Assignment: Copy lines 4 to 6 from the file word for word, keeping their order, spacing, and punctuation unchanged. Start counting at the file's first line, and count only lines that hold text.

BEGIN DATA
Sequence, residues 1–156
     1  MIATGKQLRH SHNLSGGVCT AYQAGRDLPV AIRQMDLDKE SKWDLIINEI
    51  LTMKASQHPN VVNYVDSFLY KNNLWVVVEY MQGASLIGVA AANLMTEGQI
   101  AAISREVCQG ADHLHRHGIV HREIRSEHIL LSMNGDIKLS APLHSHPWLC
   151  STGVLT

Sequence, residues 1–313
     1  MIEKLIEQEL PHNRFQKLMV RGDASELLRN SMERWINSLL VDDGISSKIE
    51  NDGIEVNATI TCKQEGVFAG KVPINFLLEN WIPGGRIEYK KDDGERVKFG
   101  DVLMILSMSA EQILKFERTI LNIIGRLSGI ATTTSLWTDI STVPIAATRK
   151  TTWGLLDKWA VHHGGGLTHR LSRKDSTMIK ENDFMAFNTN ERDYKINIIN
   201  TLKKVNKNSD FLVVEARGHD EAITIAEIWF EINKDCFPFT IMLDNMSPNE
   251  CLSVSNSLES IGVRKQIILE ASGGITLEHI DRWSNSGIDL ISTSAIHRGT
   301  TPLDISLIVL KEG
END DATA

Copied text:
   101  AAISREVCQG ADHLHRHGIV HREIRSEHIL LSMNGDIKLS APLHSHPWLC
   151  STGVLT

Sequence, residues 1–313